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News and analysis on the global poultry
and animal feed industries.
on December 4, 2010

Is feed a vehicle of SE transmission?

Egg recall causes examination of feed mill processes

Recent press reports have implicated feed as a vehicle of transmission in the Iowa SE outbreak and recall. Reports have indicated recovery of SE from the environment of the feed mill, from feed and from byproducts in the mill supplying affected flocks. Whether the animal protein ingredient was contaminated before delivery or acquired infection in the feed mill remains to be determined.

Central Bi-Products, a subsidiary of Farmers Union Industries, processed the “bone meal” (presumably meat and bone meal) at a rendering plant in Long Prairie, Minn. A spokesman for Central Bi-Products indicated that heat treatment during rendering would destroy salmonella and other vegetative bacterial pathogens. Unfortunately, post-rendering contamination does occur and animal proteins have a far higher rate of salmonella recovery than vegetable ingredients.

It is significant that Central Bi-Products stated that it does not render dead hens from the implicated farm. What might be more important is whether the company receives hens or breeders from any other source to be processed in its plant. A further complication is that the meal was handled by Superior Feed Ingredients in Waconia, Minn., and this company was the ultimate supplier to the Wright County complex.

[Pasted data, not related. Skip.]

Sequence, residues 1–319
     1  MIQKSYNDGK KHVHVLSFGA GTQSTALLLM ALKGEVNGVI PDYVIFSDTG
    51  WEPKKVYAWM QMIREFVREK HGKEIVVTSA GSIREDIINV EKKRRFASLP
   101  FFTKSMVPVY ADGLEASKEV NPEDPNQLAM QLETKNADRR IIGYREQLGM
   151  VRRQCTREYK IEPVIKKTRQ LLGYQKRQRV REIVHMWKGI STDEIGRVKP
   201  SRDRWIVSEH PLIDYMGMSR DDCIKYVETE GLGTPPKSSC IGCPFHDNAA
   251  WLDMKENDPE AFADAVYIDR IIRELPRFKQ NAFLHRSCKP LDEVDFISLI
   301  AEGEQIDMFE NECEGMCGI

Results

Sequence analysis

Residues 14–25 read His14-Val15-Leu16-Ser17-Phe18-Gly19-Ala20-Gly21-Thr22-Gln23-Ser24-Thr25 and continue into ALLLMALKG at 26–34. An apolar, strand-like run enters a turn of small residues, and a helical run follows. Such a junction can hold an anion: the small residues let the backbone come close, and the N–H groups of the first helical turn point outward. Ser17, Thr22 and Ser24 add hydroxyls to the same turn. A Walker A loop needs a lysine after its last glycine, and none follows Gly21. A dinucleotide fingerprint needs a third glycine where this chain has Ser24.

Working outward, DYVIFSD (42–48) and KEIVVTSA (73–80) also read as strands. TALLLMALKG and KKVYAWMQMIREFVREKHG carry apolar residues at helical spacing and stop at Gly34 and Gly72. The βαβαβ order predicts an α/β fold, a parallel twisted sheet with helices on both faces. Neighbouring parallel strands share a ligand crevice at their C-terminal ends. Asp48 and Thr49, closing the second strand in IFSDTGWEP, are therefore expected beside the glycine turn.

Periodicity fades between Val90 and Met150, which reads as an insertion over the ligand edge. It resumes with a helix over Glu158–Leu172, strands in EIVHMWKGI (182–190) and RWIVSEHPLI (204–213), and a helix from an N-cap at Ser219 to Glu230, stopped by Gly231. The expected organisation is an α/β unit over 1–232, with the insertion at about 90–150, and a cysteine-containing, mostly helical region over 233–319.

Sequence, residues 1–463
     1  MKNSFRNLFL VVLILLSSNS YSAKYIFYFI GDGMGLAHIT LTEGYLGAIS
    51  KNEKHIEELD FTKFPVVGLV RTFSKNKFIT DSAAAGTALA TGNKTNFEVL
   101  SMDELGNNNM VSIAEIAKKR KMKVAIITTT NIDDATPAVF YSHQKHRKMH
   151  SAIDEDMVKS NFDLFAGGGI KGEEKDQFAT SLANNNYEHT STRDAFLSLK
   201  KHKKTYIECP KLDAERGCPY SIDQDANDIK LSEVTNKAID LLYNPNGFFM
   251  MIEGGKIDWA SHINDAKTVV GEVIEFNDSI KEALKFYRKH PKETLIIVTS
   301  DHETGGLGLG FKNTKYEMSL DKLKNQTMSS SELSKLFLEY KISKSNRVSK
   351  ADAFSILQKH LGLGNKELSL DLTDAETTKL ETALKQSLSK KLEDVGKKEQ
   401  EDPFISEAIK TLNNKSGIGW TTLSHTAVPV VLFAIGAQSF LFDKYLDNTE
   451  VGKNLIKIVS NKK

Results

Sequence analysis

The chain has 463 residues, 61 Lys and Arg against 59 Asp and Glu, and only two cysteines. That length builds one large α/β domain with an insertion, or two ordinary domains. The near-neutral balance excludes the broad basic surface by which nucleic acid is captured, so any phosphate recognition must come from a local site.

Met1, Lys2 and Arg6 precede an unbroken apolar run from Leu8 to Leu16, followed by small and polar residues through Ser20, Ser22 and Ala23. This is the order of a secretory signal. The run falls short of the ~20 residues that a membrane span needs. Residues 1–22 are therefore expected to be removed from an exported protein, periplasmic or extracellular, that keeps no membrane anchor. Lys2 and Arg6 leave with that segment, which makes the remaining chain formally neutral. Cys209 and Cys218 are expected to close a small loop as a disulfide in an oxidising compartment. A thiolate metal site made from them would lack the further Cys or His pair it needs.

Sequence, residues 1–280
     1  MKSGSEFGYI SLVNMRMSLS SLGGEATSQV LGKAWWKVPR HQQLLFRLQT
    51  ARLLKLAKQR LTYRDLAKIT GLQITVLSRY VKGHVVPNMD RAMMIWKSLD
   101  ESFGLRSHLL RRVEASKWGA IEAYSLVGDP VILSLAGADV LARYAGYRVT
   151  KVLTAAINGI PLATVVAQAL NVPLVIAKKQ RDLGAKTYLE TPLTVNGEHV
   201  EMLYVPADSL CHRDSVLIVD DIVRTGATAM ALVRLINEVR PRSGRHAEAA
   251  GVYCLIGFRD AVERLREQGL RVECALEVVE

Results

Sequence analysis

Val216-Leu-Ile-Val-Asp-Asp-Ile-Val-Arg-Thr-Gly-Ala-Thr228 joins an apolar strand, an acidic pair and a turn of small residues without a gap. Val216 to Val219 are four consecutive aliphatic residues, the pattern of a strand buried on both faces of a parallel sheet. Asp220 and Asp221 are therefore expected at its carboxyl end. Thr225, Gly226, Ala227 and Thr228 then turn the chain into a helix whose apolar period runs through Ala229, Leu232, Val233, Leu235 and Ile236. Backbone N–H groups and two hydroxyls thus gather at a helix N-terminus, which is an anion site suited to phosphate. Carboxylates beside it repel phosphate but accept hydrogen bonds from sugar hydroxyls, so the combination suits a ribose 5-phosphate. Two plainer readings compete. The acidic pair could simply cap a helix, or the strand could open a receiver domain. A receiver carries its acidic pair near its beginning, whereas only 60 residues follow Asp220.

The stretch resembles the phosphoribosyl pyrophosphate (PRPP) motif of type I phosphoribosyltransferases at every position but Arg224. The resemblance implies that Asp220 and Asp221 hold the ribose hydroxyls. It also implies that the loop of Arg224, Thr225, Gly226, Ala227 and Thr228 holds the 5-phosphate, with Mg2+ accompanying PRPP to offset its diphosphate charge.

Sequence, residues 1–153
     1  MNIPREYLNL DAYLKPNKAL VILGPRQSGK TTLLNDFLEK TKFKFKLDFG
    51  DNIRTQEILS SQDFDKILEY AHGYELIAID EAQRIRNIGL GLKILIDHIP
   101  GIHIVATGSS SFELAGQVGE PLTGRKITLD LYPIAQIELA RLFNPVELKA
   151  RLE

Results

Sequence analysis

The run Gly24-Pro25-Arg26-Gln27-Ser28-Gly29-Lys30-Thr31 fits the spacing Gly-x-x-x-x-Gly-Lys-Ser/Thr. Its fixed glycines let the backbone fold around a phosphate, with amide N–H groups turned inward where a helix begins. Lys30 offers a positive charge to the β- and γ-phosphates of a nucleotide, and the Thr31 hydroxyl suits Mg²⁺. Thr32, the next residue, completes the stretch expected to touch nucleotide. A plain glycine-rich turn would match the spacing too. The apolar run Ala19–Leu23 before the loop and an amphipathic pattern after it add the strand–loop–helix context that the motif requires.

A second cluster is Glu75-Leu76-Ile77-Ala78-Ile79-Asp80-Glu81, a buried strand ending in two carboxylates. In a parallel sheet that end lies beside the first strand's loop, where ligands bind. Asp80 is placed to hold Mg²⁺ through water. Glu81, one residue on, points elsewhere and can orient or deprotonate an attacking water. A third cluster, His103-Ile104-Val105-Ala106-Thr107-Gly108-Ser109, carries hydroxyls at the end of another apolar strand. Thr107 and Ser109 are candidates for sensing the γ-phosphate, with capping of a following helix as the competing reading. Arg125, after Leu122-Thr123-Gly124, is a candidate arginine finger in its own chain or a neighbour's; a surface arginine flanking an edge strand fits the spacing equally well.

According to an FDA spokesman, “investigation of the operation can help us understand the cause of the infection.” It is evidently too early to determine whether feed was contaminated at the rendering plant, during the intermediate stages in handling and transport or at the feed mill. News reports citing FDA investigations indicated suboptimal hygiene in the feed plant including “rodent contamination, the presence of wild birds and their droppings, holes in feed ingredient bins and uncovered feed tanks.”

SE has been a reality for the egg industry for almost three decades without feed being confirmed as a vehicle of either introduction or dissemination of infection. The absence of previous reports tend to suggest that recovery of SE from either feed samples or the environment of the implicated mill is a function of a general disregard for acceptable production practice with regard to suppression of pathogens. The presence of rodents in feed mills, although common is totally unacceptable since mice specifically serve as reservoirs of SE infection and their droppings will result in environmental contamination and introduction of various salmonella serotypes into feed.

Until a definitive report on the epidemiology of SE in the affected complex is released, it would be premature to accept that feed is a problem in relation to SE in egg producing operations although there is acceptance that other than Group-D salmonella serotypes have been introduced into vertically integrated swine and broiler operations in feed.

Irrespective of the final conclusions, it is obvious that the industry can no longer tolerate low standards of housekeeping, ineffective rodent control, lack of cleanliness and incomplete record keeping in feed mills. The Wright County episode has introduced a new paradigm for plants which will have to operate at a standard consistent with the realization that the FDA will closely monitor production facilities and practices with the media close behind. 

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